BROOKE, alias COBHAM, Thomas (1533-78), ?of Wandsworth, Surr.
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Family and Education
b. 30 Dec. 1533, 3rd s. of George, 9th Lord Cobham, and bro. of George, John, William† and Henry Brooke alias Cobham I. Uncle of William and Henry Brooke alias Cobham II.1 educ. Trinity, Camb. 1547;2 Orleans 1550.3 m. Anne or Catherine, da. of Sir William Cavendish, 1s. 2da.4
?Clerk of the pastry 1559; ?clerk of the woodyard 1563.5
This Member presumably owed his return for Rochester to his brother William, who had recently succeeded as 10th Lord Cobham, the leading nobleman in Kent. Thomas, like his elder brother George, spent some time on the Continent under a tutor, in this case Nicholas ‘Alenus’ at Orleans, who wrote that the licentious and idle youth refused to listen to admonitions and spent whole days drinking in taverns, playing tennis instead of attending lectures, and wandering the streets at night with ‘lost men’. The tutor’s repeated requests for money, however, may not have been due entirely to his charge’s extravagance: other tutors found Lord Cobham dilatory in sending the promised allowance for his sons.6
Nothing is known of the next four years of the young man’s life. In February 1554 he was implicated, with others of his family, in the rebellion of his relative Sir Thomas Wyatt†, and was sent to the Tower. An eye-witness reported that when Sir Nicholas Poyntz† asked him, ‘What wind headed you to work such treason?’, he answered, ‘Oh, sir! I was seduced’. The government seems to have agreed with this view, since, though condemned to death, he was pardoned, and released in December of that year.7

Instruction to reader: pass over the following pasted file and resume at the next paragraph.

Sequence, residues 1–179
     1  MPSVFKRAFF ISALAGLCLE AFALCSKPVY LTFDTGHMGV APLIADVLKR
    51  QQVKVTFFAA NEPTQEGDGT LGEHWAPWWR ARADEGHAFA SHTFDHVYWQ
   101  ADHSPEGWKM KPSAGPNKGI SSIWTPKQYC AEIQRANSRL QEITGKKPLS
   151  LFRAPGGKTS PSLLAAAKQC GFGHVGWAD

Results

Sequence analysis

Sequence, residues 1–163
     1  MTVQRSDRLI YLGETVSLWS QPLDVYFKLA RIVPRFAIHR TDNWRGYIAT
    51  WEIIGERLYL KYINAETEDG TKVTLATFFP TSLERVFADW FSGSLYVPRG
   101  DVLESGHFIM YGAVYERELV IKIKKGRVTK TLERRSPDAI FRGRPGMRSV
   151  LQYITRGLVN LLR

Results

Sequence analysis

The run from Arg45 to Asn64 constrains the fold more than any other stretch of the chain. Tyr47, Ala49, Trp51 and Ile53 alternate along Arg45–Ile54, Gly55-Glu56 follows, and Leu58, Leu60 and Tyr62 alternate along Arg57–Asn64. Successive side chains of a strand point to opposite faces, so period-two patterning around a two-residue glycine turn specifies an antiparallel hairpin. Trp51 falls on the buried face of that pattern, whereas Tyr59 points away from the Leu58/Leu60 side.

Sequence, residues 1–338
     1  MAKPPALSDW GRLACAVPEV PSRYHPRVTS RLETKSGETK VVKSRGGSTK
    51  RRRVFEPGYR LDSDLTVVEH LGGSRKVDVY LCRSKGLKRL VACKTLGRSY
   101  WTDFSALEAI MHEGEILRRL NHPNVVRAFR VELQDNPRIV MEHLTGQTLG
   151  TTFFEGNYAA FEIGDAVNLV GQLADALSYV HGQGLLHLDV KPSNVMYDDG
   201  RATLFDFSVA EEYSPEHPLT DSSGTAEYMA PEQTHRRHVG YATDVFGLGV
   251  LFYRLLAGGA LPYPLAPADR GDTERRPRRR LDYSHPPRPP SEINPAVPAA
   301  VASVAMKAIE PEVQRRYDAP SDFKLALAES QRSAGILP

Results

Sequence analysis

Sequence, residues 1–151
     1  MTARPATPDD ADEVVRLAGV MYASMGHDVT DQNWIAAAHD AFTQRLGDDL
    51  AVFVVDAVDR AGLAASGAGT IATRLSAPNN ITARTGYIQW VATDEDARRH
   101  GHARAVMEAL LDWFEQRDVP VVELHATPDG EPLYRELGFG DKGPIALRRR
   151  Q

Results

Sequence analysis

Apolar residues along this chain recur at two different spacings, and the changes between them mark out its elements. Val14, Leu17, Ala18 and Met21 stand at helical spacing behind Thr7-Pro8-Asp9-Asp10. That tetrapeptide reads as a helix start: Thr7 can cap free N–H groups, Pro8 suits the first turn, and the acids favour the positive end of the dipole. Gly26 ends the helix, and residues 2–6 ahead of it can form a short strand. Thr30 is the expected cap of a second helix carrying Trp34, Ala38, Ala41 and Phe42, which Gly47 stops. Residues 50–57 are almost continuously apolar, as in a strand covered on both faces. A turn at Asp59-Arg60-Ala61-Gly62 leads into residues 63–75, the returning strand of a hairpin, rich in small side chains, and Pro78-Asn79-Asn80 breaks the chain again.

Shortly afterwards he entered the service of the Earl of Pembroke and was soon in trouble again. In July 1557 the Council ordered Pembroke to send him up to London to answer a charge of robbing his relative Sir Edward Warner by breaking into his house at night. No details of Cobham’s pardon have been found, but he was evidently at liberty, or under no more than house arrest, by the following January, when the Council ordered Lord Cobham to send a hundred men to Dover under one of his sons, ‘so as it be not Thomas ... whom he is willed to spare at home for this time’.8
After 1563 almost everything known of Thomas is connected with his seafaring activities. On 27 Mar. 1564 a circular letter was sent to the ports in the south and west of Ireland, ordering them to capture him and seize the cargo of his ship. Reports of his crime are confused, but it seems clear that while cruising in the Channel he had chased a Spanish ship, which was carrying tapestries for Philip II, driven her into the Bay of Biscay, killed her captain, and taken her as a prize to Waterford. The Spanish ambassador, De Silva, and the Antwerp owners of the cargo complained to the English government, who had Brooke arrested. According to the (unreliable) despatches of De Silva, Brooke was sentenced to torture on refusing to plead. The prisoner, who apparently claimed benefit of clergy, strenuously denied that he had sewn up the Spanish survivors in sail-cloth and flung them overboard, insisting that he had put his prisoners ashore at Belle Ile. He was finally acquitted, and the jury were later fined for giving an unjust verdict. In August 1564 he sailed with Hawkins for ‘Guinea and the Portugal Indies’, but in May 1565 he was again arrested in London. By this time there were several piracy charges against him. In October a correspondent told Alva that the Queen was ‘minded to punish ill factors, by the example of Mr. Cobham, who is condemned to die, being a gentleman’. He again escaped the death penalty, but by 1571 was once more under suspicion for dealings with pirates, this time at Dover.9